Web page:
I believe the recent drop in the stock related to that guidance represents a good entry point, and unless the story changes significantly, I expect NuVasive to remain a core holding of mine for years to come.
Management estimates the current U.S. market for spine fusion applications at $2.9 billion, and has a goal of achieving a 10% market share. Going forward, the market is expected to grow at least 10% annually. Given current market acceptance, an ever-broadening product line and current revenue levels, I see this as very achievable.
An added perk: NuVasive also has a robust research and development pipeline that includes an artificial disk for motion preservation called Total Disc Replacement. That particular product is more than five years out, but it could prove worth waiting for. In the meantime, if the company achieves its targets, applying an industry-favorable multiple of three to four times revenue generates a price target of roughly $40.
Viacell represents my very long-term approach to playing the conquest of the problems associated with aging. Stem-cell research represents the ultimate antiaging solution, regenerative medicine, which is Viacell's focus.
The problem with stem-cell research is that no one is certain how or when it will yield results, or whether it can overcome stiff ethical opposition. The truth is, if it works, it is going to be pursued, and preliminary research indicates it is very promising technology. Stem-cell research in Spain produced encouraging results stimulating insulin production in diabetic mice, even reversing the condition. On the moral front, research is proceeding to develop more ways of extracting stem cells from sources other than embryos.
The great opportunity with Viacell is it has a growing business to help reduce cash burn and support research in stem-cell therapies. ViaCord, the company's umbilical cord blood bank subsidiary, is growing at a 20% annual clip, generating revenue of $43.8 million in 2005. Viacell indicated that is a sustainable growth rate; I believe that estimate is actually low.
Parents are increasingly aware of the potential to use blood from a newborn's umbilical cord for regenerative medicine in future. The reality is there are basically no mass-use therapies currently available for those umbilical cord cells. But imagine when there are; do you think any parent with the means to do so will opt out of storing their child's umbilical cord? As research in the field yields results, proprietary or not, it is sure to fuel growth in the cord-bank business.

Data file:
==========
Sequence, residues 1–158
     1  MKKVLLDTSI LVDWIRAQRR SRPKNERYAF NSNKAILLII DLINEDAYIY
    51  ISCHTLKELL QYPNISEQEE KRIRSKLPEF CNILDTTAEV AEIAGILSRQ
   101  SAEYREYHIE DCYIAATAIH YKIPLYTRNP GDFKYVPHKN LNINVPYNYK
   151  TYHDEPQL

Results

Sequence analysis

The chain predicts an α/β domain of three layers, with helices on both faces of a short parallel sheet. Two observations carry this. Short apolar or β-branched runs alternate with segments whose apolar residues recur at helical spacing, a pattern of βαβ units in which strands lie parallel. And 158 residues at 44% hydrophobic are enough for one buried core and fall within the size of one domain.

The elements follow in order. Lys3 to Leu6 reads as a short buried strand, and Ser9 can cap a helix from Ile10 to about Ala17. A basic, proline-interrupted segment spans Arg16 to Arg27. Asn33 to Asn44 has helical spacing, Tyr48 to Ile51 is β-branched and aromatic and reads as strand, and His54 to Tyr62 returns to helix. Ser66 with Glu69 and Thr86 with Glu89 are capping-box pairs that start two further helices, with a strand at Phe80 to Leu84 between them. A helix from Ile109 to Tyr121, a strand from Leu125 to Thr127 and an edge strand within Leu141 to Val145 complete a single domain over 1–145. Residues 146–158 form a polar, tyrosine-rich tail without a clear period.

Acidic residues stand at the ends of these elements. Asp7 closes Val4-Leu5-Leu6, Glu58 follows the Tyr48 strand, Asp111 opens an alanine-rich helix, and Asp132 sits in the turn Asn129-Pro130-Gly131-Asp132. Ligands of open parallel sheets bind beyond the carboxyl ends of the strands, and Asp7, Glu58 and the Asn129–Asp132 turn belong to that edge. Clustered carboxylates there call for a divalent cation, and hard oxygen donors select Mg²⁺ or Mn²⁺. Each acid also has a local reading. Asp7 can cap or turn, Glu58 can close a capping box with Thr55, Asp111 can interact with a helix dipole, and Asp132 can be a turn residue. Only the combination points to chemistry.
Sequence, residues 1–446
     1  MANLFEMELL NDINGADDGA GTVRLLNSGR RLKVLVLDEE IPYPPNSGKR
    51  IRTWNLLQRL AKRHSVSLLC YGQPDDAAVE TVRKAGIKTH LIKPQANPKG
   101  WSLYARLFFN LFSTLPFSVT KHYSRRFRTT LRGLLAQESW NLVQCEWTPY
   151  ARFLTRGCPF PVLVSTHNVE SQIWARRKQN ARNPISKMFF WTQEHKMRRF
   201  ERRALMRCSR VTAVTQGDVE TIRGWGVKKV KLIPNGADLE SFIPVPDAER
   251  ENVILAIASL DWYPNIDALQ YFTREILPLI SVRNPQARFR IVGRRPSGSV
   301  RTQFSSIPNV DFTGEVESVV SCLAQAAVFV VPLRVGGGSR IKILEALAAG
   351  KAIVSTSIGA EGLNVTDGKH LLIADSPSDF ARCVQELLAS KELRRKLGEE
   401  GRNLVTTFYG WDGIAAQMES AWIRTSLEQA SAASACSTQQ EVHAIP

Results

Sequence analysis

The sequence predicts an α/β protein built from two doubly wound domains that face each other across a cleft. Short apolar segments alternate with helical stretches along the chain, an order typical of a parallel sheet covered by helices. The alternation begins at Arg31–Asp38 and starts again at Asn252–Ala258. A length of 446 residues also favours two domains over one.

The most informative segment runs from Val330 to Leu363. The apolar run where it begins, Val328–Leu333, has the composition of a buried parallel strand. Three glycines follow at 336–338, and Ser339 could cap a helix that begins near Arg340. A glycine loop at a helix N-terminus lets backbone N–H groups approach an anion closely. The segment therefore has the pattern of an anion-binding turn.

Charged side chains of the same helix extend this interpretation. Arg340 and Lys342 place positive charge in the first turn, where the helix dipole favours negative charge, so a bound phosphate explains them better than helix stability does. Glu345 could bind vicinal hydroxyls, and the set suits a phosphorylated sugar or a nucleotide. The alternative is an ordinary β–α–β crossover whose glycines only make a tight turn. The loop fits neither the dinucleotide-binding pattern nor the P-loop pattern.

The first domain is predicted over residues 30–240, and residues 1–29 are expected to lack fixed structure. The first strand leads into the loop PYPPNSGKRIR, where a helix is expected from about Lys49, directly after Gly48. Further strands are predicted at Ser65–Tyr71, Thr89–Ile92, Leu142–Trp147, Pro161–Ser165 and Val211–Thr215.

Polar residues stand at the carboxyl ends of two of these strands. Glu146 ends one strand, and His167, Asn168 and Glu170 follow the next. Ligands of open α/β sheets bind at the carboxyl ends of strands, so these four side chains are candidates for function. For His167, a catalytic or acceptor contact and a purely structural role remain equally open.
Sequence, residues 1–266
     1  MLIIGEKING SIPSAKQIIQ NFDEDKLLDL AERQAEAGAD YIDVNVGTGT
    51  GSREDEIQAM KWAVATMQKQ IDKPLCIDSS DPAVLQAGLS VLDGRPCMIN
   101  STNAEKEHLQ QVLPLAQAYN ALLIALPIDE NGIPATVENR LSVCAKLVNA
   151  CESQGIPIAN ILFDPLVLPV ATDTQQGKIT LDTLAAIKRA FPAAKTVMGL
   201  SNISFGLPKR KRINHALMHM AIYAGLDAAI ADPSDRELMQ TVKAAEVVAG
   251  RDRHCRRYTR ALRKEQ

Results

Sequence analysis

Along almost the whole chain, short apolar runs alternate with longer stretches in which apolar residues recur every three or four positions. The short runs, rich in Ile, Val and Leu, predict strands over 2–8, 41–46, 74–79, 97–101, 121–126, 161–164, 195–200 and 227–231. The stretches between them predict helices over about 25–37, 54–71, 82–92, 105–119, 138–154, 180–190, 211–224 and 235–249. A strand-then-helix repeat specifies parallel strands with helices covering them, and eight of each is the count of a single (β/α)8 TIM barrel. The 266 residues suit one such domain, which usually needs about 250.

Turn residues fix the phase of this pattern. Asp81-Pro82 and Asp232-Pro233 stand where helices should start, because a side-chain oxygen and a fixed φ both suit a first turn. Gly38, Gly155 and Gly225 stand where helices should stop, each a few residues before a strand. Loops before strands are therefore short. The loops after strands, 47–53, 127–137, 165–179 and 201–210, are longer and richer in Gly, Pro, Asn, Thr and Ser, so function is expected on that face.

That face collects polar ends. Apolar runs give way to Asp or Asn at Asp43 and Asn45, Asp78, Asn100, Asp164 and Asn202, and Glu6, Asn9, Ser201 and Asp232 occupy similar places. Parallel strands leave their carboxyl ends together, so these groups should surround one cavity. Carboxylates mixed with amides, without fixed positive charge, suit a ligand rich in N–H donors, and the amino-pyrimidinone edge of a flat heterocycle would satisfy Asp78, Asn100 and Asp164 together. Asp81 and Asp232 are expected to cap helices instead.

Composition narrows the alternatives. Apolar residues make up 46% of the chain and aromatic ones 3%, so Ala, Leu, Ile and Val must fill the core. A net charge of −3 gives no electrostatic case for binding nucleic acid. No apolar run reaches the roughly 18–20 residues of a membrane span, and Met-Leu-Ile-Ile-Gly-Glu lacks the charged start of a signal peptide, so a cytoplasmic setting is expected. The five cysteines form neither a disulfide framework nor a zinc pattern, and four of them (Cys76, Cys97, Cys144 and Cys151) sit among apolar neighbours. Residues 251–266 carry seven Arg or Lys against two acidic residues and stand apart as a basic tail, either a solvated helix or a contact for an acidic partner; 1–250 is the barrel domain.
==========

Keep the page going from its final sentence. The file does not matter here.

I see ViaCord as a viable investment vehicle on its own, but Viacell also boasts an intriguing list of products under development, and partnerships with impressive companies like
. On March 13, Viacell announced encouraging preclinical findings evaluating unrestricted somatic stem cells in a small-animal model of myocardial infarction.
From my perspective, you are getting Viacell's research and development for free, because with a $200 million market cap, $60 million in revenue and a 20% growth rate, ViaCord alone makes this company a compelling investment. ViaCord contributed positive cash flow to the company in 2005.
There is also great opportunity for ViaCord to consolidate some smaller players and further accelerate its growth. Viacell has a sizable cash position of $60 million as of December 2005, and while FDA-approvable treatments resulting from stem-cell research are still in the future, news flow should be a positive stimulus for the industry in the coming years.
What better way to play an emerging technology than with a company that can win in two ways? ViaCord is a growth business already generating cash and reducing burn, while Viacell is pursuing research in a promising new field of medicine. Other industry players such as
don't have that luxury.
Both of these companies offer great growth opportunities at reasonable valuations in an attractive sector. Personally, I am very excited; maybe I won't have to suffer from aging.
Please note that due to factors including low market capitalization and/or insufficient public float, we consider Viacell and StemCells to be small-cap stocks. You should be aware that such stocks are subject to more risk than stocks of larger companies, including greater volatility, lower liquidity and less publicly available information, and that postings such as this one can have an effect on their stock prices.
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At the time of publication, Bulwa was long NuVasive and Viacell, although holdings can change at any time.
Steven Bulwa is an independent portfolio manager based in Toronto. Under no circumstances does the information in this column represent a recommendation to buy or sell stocks. Bulwa appreciates your feedback;
to send him an email.